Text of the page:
It’s a move that could revive a case that dates back seven decades. On the night of Tuesday 28 to Wednesday 29 September, the Senate gave the green light to a government amendment which could allow the revision of the Mis and Thiennot affair, dating from 1947.
Within the framework of the bill “Confidence in the judicial institution”, the text provides for “Make mention of torture in the procedure for reviewing criminal convictions”, thus widening the possibilities of referrals to the Court of Revision.
This only covers “Old procedures, intervened under the empire of the code of criminal investigation, before police custody was not, in 1960, consecrated, regulated and framed by the code of criminal procedure”, according to the text of the amendment.
“I ask you, I beg you to vote for this amendment”, declared the Minister of Justice Eric Dupond-Moretti in front of the senators. “Confidence in justice is also sometimes allowing justice to say that it could have been wrong, because it is not infallible”, he said again.
Previous revision requests rejected
Raymond Mis and Gabriel Thiennot were convicted in the 1950s for the murder of Louis Boistard, a gamekeeper found dead on December 31, 1946 in a pond in Saint-Michel-en-Brenne (Indre).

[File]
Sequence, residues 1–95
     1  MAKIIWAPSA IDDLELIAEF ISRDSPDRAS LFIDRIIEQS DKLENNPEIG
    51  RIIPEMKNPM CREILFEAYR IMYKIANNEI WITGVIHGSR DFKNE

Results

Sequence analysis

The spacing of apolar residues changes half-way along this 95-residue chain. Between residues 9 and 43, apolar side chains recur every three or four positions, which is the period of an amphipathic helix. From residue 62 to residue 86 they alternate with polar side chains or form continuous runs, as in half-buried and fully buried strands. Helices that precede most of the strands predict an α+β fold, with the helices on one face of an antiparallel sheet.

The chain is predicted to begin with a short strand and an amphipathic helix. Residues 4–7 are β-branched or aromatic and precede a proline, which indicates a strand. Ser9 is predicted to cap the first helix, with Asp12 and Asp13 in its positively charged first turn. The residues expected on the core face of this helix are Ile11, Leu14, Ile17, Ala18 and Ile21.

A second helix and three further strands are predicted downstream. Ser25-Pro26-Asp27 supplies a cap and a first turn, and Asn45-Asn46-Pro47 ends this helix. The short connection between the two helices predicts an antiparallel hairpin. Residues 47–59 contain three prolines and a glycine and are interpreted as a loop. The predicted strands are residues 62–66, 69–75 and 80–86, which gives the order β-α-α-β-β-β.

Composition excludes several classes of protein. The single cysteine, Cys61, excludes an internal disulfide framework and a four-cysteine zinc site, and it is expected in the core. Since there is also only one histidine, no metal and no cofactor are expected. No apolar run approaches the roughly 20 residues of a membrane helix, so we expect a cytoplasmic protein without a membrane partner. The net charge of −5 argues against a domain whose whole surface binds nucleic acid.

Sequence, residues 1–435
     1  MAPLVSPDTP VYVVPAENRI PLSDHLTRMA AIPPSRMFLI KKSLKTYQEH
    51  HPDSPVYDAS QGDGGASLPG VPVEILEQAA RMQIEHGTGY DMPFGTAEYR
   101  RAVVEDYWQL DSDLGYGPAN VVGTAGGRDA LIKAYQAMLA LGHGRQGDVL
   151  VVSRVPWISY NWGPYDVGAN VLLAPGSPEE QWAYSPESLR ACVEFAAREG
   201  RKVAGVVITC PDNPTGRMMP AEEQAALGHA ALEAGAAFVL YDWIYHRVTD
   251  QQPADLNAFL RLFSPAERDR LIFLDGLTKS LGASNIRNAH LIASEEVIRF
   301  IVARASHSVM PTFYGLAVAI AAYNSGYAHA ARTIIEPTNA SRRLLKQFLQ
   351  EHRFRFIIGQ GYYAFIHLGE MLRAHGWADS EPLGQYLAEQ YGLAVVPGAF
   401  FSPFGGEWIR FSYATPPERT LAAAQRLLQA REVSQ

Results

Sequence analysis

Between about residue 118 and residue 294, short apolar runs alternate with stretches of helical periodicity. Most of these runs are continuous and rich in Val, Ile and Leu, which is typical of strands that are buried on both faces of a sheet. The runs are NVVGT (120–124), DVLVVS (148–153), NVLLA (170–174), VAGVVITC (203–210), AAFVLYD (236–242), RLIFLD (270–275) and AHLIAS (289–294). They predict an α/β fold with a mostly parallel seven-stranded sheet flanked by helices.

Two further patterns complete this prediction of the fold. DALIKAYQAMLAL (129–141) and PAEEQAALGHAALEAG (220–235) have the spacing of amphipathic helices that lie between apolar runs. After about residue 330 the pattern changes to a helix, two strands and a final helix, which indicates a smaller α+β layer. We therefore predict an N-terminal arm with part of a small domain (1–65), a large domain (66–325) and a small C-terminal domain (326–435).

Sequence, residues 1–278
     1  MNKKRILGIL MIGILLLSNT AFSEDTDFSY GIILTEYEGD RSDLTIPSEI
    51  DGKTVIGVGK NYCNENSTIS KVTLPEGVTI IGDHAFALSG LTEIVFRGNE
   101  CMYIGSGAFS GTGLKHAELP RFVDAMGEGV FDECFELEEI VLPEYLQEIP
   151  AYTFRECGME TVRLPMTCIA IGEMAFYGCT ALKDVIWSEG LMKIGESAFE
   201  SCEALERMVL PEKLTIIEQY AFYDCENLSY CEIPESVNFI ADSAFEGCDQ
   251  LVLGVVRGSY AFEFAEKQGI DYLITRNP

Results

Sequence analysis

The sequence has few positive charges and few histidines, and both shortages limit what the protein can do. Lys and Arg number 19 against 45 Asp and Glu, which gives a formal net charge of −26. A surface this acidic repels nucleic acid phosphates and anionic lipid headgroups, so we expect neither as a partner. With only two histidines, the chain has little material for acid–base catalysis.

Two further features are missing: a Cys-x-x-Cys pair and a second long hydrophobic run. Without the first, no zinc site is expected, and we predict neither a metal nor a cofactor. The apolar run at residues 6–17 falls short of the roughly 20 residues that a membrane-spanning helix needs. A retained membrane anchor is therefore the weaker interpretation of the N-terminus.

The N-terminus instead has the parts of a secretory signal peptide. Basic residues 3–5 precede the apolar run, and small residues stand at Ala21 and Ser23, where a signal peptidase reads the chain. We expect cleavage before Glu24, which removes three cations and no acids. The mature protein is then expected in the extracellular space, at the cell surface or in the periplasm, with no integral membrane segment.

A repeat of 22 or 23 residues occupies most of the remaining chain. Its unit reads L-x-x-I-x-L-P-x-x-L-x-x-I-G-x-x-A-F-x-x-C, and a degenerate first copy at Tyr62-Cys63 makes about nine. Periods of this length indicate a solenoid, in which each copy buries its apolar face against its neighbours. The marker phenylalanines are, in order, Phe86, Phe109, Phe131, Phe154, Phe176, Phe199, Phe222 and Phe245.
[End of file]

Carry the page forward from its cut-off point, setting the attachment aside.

Arrested in 1947, the two hunters confessed before retracting. They then never ceased to proclaim their innocence, claiming to have been forced to sign confessions in police custody under torture.
“We can see all the emotion that the Mis et Thiennot affair still arouses today”, noted LR rapporteur Agnès Canayer. “It’s a very important moment”, added the socialist Jean-Pierre Sueur, while the president of the Communist-majority CRCE group Eliane Assassi welcomed an amendment “Very accurate”.
“This amendment represents for us an important step towards revision”, was delighted with Agence France-Presse Léandre Boizeau, honorary president of the support committee Mis et Thiennot, which defends the rehabilitation of the two men.
In 2015, the criminal conviction review court rejected the sixth request for review of the case, brought by the families of the two men and supported by a number of local elected officials.
Often cited in legal annals, this case has mobilized for decades hundreds of supporters, who are fighting to obtain the rehabilitation of the two men, now deceased.